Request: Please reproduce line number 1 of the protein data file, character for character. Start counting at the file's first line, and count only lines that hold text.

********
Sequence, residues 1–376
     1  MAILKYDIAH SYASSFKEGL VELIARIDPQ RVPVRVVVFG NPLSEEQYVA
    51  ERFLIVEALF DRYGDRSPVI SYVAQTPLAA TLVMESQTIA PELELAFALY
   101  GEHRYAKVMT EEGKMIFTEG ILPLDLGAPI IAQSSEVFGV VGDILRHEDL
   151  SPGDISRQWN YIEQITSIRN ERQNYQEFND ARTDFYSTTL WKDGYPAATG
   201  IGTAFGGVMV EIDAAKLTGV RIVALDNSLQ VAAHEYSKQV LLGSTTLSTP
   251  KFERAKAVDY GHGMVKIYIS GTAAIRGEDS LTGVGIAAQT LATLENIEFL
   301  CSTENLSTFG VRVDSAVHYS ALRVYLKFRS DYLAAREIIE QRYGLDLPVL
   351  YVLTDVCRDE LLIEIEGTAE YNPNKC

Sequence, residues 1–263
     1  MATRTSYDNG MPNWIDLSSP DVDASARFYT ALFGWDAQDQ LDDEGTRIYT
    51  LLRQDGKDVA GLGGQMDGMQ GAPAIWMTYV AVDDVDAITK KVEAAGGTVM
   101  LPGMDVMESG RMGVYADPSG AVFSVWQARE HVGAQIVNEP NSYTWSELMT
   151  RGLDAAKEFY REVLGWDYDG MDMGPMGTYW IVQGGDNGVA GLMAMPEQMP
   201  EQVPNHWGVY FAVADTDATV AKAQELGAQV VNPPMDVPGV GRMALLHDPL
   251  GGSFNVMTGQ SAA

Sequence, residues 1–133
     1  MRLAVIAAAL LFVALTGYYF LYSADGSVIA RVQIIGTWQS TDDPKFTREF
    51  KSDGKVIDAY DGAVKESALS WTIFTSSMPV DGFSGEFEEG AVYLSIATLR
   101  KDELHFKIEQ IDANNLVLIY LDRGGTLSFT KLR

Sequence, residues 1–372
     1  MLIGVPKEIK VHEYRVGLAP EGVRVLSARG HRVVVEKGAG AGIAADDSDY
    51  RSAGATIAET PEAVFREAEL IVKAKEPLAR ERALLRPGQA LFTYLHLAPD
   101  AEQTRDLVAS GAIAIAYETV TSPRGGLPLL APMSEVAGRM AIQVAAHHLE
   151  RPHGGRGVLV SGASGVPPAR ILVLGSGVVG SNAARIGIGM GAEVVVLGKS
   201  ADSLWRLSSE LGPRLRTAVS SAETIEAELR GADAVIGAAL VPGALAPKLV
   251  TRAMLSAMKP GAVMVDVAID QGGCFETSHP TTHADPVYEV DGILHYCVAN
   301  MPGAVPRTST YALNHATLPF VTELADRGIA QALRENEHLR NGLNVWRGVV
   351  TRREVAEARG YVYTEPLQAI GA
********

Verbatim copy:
Sequence, residues 1–376